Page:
An AARP report on the nation’s nursing homes ranked New Jersey 26th among 50 states and the District of Columbia, based on anthat evaluated areas like affordability, choice, quality, caregiver support and the effectiveness of transitions between residents’ homes, nursing homes and hospitals.
The state’s rank declined from the only, when New Jersey was ranked 22nd in 2011. But AARP officials cautioned that, due to changes in the formula, the rankings aren’t directly comparable.
AARP representatives in New Jersey were disturbed by the state’s performance in some areas, such as ranking 44th in the cost of nursing homes as a share of residents’ income and 49th in the percentage of high-risk nursing home residents with bedsores, trailing only Louisiana and the District of Columbia.
“We found that shocking,” AARP New Jersey government affairs manager Douglas Johnston said of the bed-sore ranking, which wasn’t included in the 2011 report.
But a leading advocate for nursing homes in the state said the industry had made the issue a priority before the report and was making progress. Health Care Association of New Jersey President and CEO Jon Dolan added that the industry is working with Rutgers University on testing that could detect and predict the progression of injuries that can become bedsores.
The report was released shortly before a pivotal period in the state’s five-year comprehensive Medicaid waiver, as the state begins to shift long-term Medicaid recipients to a managed care program on July 1. This is the key feature of the waiver, which is intended to provide more long-term services and supports in residents’ homes and local communities rather than in nursing homes.
The report included some positives. While nursing-homes cost were high in the state, the cost to provide care in residents’ houses was the sixth-lowest in the country. In addition, the state ranked fourth-best in the percentage of long-stay nursing home residents who are receiving an antipsychotic medication.
“While on some individual measures we might have improved, we’re not moving in the right direction” overall, said Evelyn Liebman, AARP New Jersey associate state director of advocacy.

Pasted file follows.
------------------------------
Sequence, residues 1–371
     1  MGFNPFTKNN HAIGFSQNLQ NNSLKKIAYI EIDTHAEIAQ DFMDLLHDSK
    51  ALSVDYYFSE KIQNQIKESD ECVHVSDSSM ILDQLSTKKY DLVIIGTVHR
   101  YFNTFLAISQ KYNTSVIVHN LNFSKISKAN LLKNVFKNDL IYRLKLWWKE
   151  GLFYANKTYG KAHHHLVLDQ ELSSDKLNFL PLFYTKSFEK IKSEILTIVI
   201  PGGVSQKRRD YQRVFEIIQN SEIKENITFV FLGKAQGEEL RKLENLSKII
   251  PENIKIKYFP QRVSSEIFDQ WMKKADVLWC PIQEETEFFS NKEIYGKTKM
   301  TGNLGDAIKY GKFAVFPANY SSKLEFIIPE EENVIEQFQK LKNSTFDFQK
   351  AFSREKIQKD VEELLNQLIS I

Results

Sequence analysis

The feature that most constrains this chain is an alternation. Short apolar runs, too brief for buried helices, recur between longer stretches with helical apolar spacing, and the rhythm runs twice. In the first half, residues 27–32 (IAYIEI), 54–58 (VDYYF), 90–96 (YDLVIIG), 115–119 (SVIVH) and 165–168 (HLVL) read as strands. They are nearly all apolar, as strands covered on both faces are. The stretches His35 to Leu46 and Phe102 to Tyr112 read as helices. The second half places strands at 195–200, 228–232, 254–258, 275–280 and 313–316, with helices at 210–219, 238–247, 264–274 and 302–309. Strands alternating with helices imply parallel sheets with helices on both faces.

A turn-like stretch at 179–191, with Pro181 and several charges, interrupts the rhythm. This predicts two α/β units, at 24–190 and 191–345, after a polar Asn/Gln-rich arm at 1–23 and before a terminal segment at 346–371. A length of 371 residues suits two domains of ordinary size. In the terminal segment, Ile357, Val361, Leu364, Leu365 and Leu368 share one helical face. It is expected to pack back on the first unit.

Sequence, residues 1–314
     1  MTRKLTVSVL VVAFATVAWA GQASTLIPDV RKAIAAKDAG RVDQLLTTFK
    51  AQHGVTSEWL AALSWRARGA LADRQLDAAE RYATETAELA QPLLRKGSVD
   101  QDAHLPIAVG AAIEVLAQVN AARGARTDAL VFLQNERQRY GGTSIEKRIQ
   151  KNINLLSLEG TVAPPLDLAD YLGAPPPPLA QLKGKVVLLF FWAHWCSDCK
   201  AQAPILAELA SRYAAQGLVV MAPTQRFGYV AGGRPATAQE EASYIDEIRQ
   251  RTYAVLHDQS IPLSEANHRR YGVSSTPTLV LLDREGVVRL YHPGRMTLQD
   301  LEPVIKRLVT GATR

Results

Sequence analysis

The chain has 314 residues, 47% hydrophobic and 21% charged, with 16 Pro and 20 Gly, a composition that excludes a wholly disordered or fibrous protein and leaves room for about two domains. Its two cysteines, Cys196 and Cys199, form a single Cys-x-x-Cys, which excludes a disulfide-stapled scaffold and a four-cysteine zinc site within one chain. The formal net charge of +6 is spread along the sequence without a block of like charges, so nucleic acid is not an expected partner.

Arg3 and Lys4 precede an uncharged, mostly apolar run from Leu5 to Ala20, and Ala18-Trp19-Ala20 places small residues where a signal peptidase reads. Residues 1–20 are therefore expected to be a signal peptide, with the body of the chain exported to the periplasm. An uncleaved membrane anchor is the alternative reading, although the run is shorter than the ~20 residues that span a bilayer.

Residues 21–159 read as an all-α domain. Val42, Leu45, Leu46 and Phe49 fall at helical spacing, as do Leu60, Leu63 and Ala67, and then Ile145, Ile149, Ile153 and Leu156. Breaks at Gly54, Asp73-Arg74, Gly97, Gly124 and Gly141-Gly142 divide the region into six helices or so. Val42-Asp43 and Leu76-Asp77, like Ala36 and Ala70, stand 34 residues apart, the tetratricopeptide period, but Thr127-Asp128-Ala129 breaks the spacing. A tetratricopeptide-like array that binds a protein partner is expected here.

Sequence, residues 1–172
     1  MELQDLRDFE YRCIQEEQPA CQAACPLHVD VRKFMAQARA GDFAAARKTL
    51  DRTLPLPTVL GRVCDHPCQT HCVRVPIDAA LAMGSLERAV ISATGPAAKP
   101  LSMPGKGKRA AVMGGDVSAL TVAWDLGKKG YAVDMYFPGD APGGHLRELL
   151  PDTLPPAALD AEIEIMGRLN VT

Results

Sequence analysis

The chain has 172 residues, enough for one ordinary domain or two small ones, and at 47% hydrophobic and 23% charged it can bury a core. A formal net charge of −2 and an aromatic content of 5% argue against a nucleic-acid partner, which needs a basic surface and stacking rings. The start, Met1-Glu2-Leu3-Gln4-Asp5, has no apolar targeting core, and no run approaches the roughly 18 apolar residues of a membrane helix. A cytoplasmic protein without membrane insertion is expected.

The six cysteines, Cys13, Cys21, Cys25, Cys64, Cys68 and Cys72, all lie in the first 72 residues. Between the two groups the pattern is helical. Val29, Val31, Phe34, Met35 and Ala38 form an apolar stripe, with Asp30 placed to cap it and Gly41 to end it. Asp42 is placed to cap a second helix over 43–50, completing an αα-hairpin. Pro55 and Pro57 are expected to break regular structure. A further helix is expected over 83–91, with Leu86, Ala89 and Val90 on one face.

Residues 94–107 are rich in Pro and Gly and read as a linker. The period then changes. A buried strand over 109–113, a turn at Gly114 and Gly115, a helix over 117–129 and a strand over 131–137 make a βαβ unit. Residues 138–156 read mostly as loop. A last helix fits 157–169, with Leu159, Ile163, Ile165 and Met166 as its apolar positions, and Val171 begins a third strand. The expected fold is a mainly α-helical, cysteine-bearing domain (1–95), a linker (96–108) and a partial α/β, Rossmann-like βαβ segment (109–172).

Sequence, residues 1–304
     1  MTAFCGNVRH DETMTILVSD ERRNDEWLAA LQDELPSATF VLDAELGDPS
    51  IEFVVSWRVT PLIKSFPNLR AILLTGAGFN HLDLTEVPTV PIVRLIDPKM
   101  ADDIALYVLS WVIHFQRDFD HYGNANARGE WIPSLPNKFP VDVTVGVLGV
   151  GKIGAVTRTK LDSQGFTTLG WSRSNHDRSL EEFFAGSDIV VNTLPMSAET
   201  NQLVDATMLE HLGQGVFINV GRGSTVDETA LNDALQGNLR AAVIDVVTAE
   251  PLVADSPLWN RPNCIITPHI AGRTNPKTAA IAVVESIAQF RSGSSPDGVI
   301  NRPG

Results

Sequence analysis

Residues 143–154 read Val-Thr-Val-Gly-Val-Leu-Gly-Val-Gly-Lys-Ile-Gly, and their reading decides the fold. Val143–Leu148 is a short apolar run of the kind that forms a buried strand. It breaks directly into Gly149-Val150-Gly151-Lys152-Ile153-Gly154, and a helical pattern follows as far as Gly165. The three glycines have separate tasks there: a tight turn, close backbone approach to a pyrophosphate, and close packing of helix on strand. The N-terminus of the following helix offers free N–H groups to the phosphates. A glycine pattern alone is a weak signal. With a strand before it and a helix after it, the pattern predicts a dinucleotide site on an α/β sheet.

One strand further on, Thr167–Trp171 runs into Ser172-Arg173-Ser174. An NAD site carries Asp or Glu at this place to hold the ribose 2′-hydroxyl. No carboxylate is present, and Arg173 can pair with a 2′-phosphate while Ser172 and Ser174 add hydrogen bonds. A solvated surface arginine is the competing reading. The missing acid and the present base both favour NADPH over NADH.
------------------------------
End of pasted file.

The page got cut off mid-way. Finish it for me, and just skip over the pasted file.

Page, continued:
Liebman added that dealing with transitions between living in private homes, nursing homes and hospitals is as troublesome area.
The state ranked 36th in effective handling of these transitions, based on six different indicators. These measures include the percentage of long-stay nursing-home residents hospitalized in a six-month period, and the percentage of residents with moderate to severe dementia who had to undergo a potentially burdensome transition at the end of life. The state ranked 45th in both of these indicators.
“These (transitions) are of course very difficult for the patient and the family, and also quite costly,” Liebman said.
Liebman added that while the high cost of nursing homes is problematic, the state is moving in the right direction with the comprehensive Medicaid waiver.
New Jersey ranked 22nd in caregiver support, which is an area that has been a priority for AARP in New Jersey this year. The organization has backedthat would require hospitals to ask patients if they want to designate a caregiver who would be provided a plan describing what help the patient will need after discharge, as well as a measure providing .
“There’s really no reason why we can’t be number one in the country,” in supporting caregivers, Liebman said.
Johnston added that the comprehensive Medicaid waiver might help the state in an area where it ranked relatively poorly, at 40th: the percentage of residents who stay at a nursing home for more than 90 days and then successfully transition back into the community. If there aren’t appropriate, affordable options “that’s going to force them to impoverish themselves and go into a nursing home,” Johnston said.
Liebman said the state is on track to improve in many of the areas evaluated in the report – but it remains to be seen whether planned improvements come to fruition.
“We’re talking the talk – we’re just going to have to see if we walk the walk,” she said.
Dolan noted that the areas where New Jersey ranked poorly were the same as other states with large urban populations, relatively low Medicaid reimbursement rates and a high cost of living, including neighboring New York. His association’s members include assisted living, skilled nursing and other residential care facilities.
Dolan said a larger share of New Jersey’s nursing-home residents have more acute health problems, which contributes to its lower ranking. He added that his association offers frequent training sessions on how to prevent pressure ulcers (or bedsores), and has supported efforts across the industry to reduce the overuse of antipsychotic drugs.
On July 17, NJ Spotlight will befocused on the AARP report.